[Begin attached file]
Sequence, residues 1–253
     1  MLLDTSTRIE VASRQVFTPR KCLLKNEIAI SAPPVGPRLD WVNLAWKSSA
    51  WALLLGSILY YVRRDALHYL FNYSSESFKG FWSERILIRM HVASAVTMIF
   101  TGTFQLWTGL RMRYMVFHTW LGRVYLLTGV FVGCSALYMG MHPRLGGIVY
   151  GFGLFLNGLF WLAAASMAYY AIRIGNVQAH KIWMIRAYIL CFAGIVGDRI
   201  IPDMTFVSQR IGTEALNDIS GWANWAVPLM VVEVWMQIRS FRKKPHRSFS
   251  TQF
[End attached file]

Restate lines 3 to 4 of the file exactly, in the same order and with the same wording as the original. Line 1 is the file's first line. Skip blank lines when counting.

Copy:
    51  WALLLGSILY YVRRDALHYL FNYSSESFKG FWSERILIRM HVASAVTMIF
   101  TGTFQLWTGL RMRYMVFHTW LGRVYLLTGV FVGCSALYMG MHPRLGGIVY